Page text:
[Objective]The regulator protein H-NS of Yersinia pestis was expressed using the Escherichia coli BL21λDE3 protein expression system, and its DNA-binding activity was characterized.[Methods]The entire coding region of the hns gene was amplified by PCR from Y.pestis strain 201 , and then cloned into the BamHI and SaiI sites of the vector pET28a.The recombinant plasmid pET28a-hns was transformed into BL21λDE3.Over-expression of His-H-NS in the LB medium was induced by addition of 1 mM IPTG (isopropyl-b-D-thiogalactoside).The over-expressed protein was purified under native conditions with nickel loaded HiTrap Chelating Sepharose columns ( Amersham).The electrophoretic mobility shift assay and DNase I footprinting experiments were carried out to analyze the DNA-binding activity of His-H-NS in vitro.[Results]The purified His-H-NS protein could bind to the upstream DNA regions of psaA, psaE and rovA of Y.pestis, and the H-NS-binding sites were determined at the single nucleotide resolution.[Conclusion]The purified His-H-NS protein could bind to target DNA fragments, suggesting that H-NS would regulate the transcription of relevant genes in Y.pests.%[目的]利用大肠杆菌BL21λDE3的表达系统,表达出有活性的鼠疫耶尔森氏菌(以下简称鼠疫菌)调控子蛋白H-NS,为进一步研究H-NS的转录调控奠定基础.[方法]PCR扩增鼠疫菌201株hns基因的编码区,将其直接克隆入pET28a质粒中,再将pET28a-hns重组质粒转入大肠杆菌BL21λDE3菌株中,所得菌株经IPTG诱导后能表达出鼠疫菌His-H-NS蛋白;通过体外的凝胶迁移实验(EMSA)和DNase I足迹实验对His-H-NS蛋白与DNA的结合活性进行分析.[结果]成功表达出有活性的鼠疫菌His-H-NS蛋白,该蛋白对鼠疫菌pH6抗原基因(psaA,psaE)及rovA基因均有结合活性.[结论]鼠疫菌His-H-NS具有DNA结合活性,说明H-NS能调控鼠疫菌基因的转录.

  18. Recent findings about the Yersinia enterocolitica phage shock protein response.

    Science.gov (United States)

    Yamaguchi, Saori; Darwin, Andrew J

    2012-02-01

    The phage shock protein (Psp) system is a conserved extracytoplasmic stress response in bacteria that is essential for virulence of the human pathogen Yersinia enterocolitica. This article summarizes some recent findings about Y. enterocolitica Psp system function. Increased psp gene expression requires the transcription factor PspF, but under non-inducing conditions PspF is inhibited by an interaction with another protein, PspA, in the cytoplasm. A Psp-inducing stimulus causes PspA to relocate to the cytoplasmic membrane, freeing PspF to induce psp gene expression. This PspA relocation requires the integral cytoplasmic membrane proteins, PspB and PspC, which might sense an inducing trigger and sequester PspA by direct interaction. The subsequent induction of psp gene expression increases the PspA concentration, which also allows it to contact the membrane directly, perhaps for its physiological function. Mutational analysis of the PspB and PspC proteins has revealed that they both positively and negatively regulate psp gene expression and has also identified PspC domains associated with each function. We also compare the contrasting physiological roles of the Psp system in the virulence of Y. enterocolitica and Salmonella enterica sv. Typhimurium (S. Typhimurium). In S. Typhimurium, PspA maintains the proton motive force, which provides the energy needed to drive ion importers required for survival within macrophages. In contrast, in the extracellular pathogen Y. enterocolitica, PspB and PspC, but not PspA, are the Psp components needed for virulence. PspBC protect Y. enterocolitica from damage caused by the secretin component of its type 3 secretion system, an essential virulence factor.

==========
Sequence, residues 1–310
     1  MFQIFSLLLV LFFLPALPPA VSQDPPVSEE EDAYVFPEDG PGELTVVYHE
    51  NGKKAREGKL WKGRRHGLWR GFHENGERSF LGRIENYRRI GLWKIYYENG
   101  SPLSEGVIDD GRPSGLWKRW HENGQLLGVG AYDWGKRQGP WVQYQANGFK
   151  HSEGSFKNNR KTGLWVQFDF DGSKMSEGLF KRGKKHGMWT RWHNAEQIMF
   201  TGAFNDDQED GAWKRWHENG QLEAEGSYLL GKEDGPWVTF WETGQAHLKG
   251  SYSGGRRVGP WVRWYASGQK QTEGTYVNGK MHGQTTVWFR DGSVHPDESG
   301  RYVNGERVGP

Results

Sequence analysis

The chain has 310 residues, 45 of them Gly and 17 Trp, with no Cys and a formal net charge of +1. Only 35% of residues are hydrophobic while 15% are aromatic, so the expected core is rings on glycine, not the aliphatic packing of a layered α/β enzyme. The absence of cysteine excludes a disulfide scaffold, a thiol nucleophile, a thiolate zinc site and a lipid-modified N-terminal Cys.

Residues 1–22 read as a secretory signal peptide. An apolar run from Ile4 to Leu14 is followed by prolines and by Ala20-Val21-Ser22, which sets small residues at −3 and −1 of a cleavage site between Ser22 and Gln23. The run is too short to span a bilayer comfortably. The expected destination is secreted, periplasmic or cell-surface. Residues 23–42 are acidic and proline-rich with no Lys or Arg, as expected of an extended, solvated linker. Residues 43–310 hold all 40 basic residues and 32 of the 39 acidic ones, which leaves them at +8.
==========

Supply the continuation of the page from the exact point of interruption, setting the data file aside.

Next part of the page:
19. [The bacteriophages Yersinia pseudotuberculosis: the detection in strains of different O-serovars and their identification].

    Science.gov (United States)

    Makedonova, L D; Kudriakova, T A; Kachkina, G V; Gaevskaia, N E

    2013-08-01

    The sample included five indicator pseudotuberculosis strains. The application of these strains permitted to isolate out of 161 strains of Y. pseudotuberculosis 9 bacteriophages identical by their morphologic and serologic characteristics but having individual particularities in their lytic activity. The test on sensitivity to bacteriophages can be used in laboratory diagnostic to differentiate the strains of Yersinia pseudotuberculosis.

  20. Clonal Dissemination of Yersinia enterocolitica Strains with Various Susceptibilities to Nalidixic Acid

    OpenAIRE

    Sánchez-Céspedes, Javier; Navia, Margarita M.; Martínez, Rocío; Orden, Beatriz; Millán, Rosario; Ruiz, Joaquín; Vila, Jordi

    2003-01-01

    Ten epidemiologically related Yersinia enterocolitica clinical isolates were studied. Six isolates were nalidixic acid resistant (MIC > 512 μg/ml), with mutations in the quinolone resistance-determining region (QRDR) of the gyrA gene, suggesting clonal dissemination of a nalidixic acid-susceptible Y. enterocolitica strain which has acquired different mutations generating resistance to nalidixic acid.

  1. Evaluation of a modified Cefsulodin-Irgasan-Novobiocin agar for isolation of Yersinia spp.

    Directory of Open Access Journals (Sweden)

    Lai Kuan Tan